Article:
Neville dived for the door and unlocked it. He pushed it open, slipped inside, and turned. As he slammed it shut an arm shot through the opening. He forced the door against it with all his strength until he heard bones snap, then he opened the door a little, shoved the broken arm out, and slammed the door. With trembling hands he dropped the bar into place.
Slowly he sank down onto the floor and fell on his back. He lay there in the darkness, his chest rising and falling, his legs and arms like dead limbs on the floor. Outside they howled and pummeled the door, shouting his name in a paroxysm of demented fury. They grabbed up bricks and rocks and hurled them against the house and they screamed and cursed at him. He lay there listening to the thud of the rocks and bricks against the house, listening to their howling.
After a while he struggled up to the bar. Half the whisky he poured splashed onto the rug. He threw down the contents of the glass and stood there shivering, holding onto the bar to support his wobbling legs, his throat tight and convulsed; his lips shaking without control.
Slowly the heat of the liquor expanded in his stomach and reached his body. His breath slowed down, his chest stopped shuddering.
He started as he heard the great crash outside.
He ran to the peephole and looked out. His teeth grated together and a burst of rage filled him as be saw the station wagon lying on its side and saw them smashing in the windshield with bricks and stones, tearing open the hood and smashing at the engine with insane club strokes, denting the frame with their frenzied blows. As he watched, fury poured through him like a current of hot acid and half formed curses sounded in his throat while his hands clamped into great white fists at his sides.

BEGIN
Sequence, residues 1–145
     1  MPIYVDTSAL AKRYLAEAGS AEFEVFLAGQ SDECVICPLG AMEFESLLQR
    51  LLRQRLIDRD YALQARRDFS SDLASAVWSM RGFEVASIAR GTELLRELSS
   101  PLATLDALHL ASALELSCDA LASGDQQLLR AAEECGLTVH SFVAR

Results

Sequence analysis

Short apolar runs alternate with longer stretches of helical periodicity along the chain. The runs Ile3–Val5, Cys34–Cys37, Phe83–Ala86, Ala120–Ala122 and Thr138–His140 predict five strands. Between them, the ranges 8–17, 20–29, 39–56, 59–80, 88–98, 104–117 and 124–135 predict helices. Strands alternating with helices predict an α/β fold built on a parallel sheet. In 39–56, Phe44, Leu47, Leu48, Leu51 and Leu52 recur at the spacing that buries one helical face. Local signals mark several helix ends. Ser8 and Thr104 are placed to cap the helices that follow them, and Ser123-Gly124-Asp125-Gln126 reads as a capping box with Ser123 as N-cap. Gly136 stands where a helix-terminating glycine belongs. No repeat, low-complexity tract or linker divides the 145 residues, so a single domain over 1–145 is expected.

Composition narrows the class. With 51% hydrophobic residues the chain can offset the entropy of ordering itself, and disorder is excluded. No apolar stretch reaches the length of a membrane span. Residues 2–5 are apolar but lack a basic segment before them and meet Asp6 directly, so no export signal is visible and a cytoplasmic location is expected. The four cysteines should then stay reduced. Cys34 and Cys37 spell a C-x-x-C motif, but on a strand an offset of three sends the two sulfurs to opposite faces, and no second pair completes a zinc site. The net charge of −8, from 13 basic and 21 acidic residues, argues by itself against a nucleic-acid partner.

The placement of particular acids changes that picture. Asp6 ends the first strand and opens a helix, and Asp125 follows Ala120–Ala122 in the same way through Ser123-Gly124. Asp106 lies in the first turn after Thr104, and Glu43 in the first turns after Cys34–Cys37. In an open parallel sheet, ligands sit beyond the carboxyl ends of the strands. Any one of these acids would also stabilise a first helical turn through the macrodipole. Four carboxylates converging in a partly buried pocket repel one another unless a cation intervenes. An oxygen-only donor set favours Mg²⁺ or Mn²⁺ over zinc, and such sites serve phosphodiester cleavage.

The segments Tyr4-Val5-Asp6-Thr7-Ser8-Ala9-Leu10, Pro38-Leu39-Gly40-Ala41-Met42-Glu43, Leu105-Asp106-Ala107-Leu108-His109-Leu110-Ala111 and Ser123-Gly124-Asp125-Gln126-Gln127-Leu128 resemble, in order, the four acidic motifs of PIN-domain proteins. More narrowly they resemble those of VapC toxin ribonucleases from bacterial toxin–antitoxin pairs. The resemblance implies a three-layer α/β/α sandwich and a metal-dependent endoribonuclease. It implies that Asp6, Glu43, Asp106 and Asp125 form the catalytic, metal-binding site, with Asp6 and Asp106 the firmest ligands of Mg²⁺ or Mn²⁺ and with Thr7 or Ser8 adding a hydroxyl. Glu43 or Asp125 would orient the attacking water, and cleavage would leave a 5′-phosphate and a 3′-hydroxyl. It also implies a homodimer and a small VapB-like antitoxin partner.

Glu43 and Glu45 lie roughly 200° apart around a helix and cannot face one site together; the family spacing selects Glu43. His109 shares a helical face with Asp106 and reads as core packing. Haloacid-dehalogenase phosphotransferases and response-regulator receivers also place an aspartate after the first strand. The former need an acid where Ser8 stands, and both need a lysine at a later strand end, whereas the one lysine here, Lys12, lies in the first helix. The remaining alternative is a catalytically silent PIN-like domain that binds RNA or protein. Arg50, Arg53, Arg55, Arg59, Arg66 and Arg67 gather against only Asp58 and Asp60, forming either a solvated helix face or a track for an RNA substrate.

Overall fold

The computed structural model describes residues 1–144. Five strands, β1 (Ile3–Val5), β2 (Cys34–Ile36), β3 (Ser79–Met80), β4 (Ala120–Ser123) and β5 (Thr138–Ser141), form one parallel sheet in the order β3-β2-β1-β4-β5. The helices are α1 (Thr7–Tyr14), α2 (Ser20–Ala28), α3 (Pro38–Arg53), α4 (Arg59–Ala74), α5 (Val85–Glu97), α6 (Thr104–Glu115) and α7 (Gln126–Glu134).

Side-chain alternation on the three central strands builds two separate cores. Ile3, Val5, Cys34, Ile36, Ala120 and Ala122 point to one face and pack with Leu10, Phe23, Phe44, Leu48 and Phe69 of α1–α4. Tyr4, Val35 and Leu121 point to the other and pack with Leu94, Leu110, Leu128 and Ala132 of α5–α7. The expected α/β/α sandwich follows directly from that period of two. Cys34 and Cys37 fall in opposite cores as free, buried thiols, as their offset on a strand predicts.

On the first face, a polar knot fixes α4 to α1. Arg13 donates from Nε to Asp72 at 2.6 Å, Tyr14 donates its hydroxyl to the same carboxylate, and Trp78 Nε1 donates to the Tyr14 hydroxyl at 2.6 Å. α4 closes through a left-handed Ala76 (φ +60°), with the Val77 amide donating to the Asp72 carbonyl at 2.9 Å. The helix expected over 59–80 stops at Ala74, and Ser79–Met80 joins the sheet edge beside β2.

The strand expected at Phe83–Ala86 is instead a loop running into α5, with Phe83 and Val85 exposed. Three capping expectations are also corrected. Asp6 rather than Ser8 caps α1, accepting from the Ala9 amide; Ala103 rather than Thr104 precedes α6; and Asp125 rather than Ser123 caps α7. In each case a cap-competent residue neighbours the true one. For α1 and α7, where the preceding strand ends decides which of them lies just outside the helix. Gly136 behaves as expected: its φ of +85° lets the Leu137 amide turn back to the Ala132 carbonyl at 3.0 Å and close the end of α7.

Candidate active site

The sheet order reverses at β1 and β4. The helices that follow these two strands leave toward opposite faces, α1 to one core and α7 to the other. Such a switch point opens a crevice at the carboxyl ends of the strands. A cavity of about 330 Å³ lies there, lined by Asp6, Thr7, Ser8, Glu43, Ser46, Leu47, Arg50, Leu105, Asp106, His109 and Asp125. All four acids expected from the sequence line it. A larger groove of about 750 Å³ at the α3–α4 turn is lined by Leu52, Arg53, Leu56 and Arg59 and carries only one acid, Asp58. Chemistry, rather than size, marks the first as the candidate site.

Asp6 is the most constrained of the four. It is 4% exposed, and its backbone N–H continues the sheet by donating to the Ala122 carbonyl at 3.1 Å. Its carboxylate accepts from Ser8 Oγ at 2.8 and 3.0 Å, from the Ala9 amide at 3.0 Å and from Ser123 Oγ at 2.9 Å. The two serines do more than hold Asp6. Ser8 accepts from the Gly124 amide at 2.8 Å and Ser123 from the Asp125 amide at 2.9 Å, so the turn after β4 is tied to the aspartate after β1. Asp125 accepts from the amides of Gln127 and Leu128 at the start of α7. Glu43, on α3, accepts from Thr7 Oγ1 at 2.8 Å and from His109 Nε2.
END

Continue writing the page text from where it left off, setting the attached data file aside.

Turning suddenly, he moved to the lamp and tried to light it. It didn't work. With a snarl he turned and ran into the kitchen. The refrigerator was out. He ran from one dark room to another. The freezer was off; all the food would spoil. His house was a dead house.
Fury exploded in him. Enough!
His rage palsied hands ripped out the clothes from the bureau drawer until they closed on the loaded pistols.
Racing through the dark living room, he knocked up the bar across the door and sent it clattering to the floor. Outside, they howled as they heard him opening the door. I'm coming out, you bastards! his mind screamed out.
He jerked open the door and shot the first one in the face. The man went spinning back off the porch and two women came at him in muddy, torn dresses, their white arms spread to enfold him. He watched their bodies jerk as the bullets struck them, then he shoved them both aside and began firing his guns into their midst, a wild yell ripping back his bloodless lips.
He kept firing the pistols until they were both empty.
Then be stood on the porch clubbing them with insane blows, losing his mind almost completely when the same ones he'd shot came rushing at him again. And when they tore the guns out of his hands he used his fists and elbows and he butted with his head and kicked them with his big shoes.
It wasn't until the flaring pain of having his shoulder slashed open struck him that he realized what he was doing and how hopeless his attempt was. Knocking aside two women, he backed toward the door. A man's arm locked around his neck. He lurched forward, bending at the waist, and toppled the man over his head into the others. He jumped back into the doorway, gripped both sides of the frame and kicked out his legs like pistons, sending the men crashing back into the shrubbery.
Then, before they could get at him again, he slammed the door in their faces, locked it, bolted it, and dropped the heavy bar into its slots.
Robert Neville stood in the cold blackness of his house, listening to the vampires scream.
He stood against the wall clubbing slowly and weekly at the plaster, tears streaming down his bearded cheeks, his bleeding hand pulsing with pain. Everything was gone, everything.
"Virginia," he sobbed like a lost, frightened child. "Virginia. Virginia."READ MORE >>